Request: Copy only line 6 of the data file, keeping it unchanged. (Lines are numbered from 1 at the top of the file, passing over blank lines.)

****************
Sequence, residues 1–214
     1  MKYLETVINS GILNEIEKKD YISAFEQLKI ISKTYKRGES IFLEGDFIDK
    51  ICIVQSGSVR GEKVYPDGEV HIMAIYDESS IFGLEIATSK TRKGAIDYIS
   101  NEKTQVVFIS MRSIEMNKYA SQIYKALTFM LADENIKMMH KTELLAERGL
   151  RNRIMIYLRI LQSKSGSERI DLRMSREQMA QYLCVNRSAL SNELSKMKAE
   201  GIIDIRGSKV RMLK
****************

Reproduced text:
   201  GIIDIRGSKV RMLK